Bernard Arnault has been criticized for his dozens of short-duration flights, but with a great impact due to their environmental pollution.
Tired of internet criticism, the second richest man in the world, Bernard Arnault , has sold his private jet to avoid being spied on by Twitter .
Arnault, CEO of LVMH, has a net worth of $133 billion, and, after being followed constantly by a Twitter account called laviodebernard , has decided to sell his plane.
They want privacy
The same account had echoed that Bernard had not registered any flight since September, when before it was very daily.
In the LVMH-owned podcast published on Monday, Arnault admitted the group “had a plane and we sold it.” And he added: “The result now is that nobody can see where I am going because I rent planes when I use private planes.”
Antoine Arnault, the second descendant of the world’s second-richest man, an LVMH board member and Louis Vuitton communications director, also said during the podcast that other people who know where his company’s jet is could give him an advantage. the competitors.
Le jet privé de LVMH n’est plus immatriculé en France depuis le 1er septembre 2022.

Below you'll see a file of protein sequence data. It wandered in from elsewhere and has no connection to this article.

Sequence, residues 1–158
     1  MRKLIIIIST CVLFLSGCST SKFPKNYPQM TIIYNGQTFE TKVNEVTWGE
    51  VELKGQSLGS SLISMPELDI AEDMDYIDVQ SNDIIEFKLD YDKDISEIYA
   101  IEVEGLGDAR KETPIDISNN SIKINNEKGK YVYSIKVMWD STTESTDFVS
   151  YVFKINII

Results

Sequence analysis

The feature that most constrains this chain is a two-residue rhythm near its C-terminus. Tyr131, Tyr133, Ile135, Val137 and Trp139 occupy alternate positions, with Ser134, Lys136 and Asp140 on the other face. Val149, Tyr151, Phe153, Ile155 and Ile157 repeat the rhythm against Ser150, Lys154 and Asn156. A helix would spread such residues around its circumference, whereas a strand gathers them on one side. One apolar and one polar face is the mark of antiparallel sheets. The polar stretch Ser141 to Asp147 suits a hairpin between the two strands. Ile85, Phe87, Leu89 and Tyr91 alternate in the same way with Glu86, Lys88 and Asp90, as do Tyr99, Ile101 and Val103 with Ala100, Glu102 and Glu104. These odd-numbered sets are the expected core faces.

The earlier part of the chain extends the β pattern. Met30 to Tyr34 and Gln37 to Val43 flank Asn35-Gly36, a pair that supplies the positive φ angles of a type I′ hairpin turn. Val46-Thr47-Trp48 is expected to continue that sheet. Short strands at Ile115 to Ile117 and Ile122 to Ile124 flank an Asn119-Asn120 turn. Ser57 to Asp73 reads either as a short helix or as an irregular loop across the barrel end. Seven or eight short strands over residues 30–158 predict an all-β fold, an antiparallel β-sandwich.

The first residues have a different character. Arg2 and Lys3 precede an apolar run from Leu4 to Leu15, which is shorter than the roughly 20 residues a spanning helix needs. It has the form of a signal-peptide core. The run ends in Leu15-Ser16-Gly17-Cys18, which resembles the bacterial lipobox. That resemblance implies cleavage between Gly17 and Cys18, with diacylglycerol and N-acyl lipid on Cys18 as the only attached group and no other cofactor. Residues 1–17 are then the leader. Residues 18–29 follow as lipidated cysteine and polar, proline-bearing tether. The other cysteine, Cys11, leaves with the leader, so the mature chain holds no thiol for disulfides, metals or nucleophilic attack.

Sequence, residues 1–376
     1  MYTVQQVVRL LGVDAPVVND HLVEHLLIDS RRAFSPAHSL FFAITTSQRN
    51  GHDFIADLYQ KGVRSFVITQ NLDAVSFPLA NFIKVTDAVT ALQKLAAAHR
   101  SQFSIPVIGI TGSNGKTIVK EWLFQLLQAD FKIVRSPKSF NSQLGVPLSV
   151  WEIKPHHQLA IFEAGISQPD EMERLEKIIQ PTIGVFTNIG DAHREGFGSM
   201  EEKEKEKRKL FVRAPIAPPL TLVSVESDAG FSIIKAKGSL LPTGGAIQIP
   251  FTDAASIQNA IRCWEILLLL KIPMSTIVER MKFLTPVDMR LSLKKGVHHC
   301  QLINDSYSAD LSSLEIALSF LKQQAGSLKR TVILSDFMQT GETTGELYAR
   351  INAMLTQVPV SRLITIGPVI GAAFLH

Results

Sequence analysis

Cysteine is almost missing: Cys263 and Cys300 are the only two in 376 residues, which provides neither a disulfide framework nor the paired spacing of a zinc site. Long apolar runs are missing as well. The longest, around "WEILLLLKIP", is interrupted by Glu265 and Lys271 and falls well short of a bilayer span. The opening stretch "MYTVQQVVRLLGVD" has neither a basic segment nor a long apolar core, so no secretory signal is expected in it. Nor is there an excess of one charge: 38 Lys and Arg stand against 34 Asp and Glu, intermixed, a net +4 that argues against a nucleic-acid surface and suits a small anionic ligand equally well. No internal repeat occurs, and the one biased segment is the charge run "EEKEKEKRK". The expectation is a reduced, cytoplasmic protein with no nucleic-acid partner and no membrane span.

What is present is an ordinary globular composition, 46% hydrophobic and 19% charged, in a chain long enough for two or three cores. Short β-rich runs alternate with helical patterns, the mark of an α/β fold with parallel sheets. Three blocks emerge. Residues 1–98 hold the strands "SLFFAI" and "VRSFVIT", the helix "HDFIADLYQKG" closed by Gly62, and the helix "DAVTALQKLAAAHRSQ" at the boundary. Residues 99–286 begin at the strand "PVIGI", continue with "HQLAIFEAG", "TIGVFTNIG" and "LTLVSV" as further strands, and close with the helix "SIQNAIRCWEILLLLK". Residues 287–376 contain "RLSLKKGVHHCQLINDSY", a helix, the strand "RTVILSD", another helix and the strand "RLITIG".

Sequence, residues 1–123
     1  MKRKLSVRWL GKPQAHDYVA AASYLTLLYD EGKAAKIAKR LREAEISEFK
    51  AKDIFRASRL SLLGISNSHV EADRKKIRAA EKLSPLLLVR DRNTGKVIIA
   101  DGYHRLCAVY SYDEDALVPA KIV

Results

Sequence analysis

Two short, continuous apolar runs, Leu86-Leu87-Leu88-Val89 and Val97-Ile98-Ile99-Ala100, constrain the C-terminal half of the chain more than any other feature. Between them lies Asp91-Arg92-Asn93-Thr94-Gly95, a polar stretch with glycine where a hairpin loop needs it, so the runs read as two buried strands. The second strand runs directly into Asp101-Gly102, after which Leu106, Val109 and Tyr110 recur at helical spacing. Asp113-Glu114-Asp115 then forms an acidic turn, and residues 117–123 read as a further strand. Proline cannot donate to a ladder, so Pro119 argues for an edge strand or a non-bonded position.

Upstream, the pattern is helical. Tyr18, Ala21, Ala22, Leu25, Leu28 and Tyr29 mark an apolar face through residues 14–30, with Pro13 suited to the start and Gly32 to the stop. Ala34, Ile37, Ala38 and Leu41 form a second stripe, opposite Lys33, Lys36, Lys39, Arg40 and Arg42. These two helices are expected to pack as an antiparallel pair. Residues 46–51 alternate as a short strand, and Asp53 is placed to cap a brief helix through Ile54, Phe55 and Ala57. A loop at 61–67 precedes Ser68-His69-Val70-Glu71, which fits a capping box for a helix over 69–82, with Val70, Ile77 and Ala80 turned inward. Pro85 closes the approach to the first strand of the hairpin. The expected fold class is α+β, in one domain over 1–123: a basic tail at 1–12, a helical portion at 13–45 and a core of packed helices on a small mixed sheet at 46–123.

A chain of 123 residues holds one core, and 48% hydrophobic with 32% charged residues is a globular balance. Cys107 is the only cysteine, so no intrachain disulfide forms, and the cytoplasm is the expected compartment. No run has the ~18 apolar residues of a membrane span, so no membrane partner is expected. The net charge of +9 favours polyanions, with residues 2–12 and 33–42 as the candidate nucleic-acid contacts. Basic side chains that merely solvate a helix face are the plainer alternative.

Toujours aucun mot de Bernard Arnault ni de LVMH sur le sujet des jets privés.
Alors Bernard, on se cache ? pic.twitter.com/dt5Oajw8zK
— laviondebernard (@laviondebernard) September 10, 2022
But the criticism is environmental
French accounts using aircraft transponder signals and publicly available information have tracked the use of private jets by Arnault and other wealthy people to reveal how much wasted flight time is used by the world’s richest.
I Fly Bernard recently pointed out that the private planes of millionaires from France have emitted 203 tons of CO2 into the atmosphere in more than 48 hours of flight in September alone.
The issue of taxing the country’s wealthiest for using private jets has been welcomed by French lawmakers and some officials such as Environment Minister Christophe Bechu.
Elon Musk is another of the millionaires who is in the crosshairs of the trackers. He wanted to pay the creator of an account $5,000 to remove it from Twitter, but they rejected his offer. Russian oligarchs have also been tracked down in the midst of social conflict in Europe.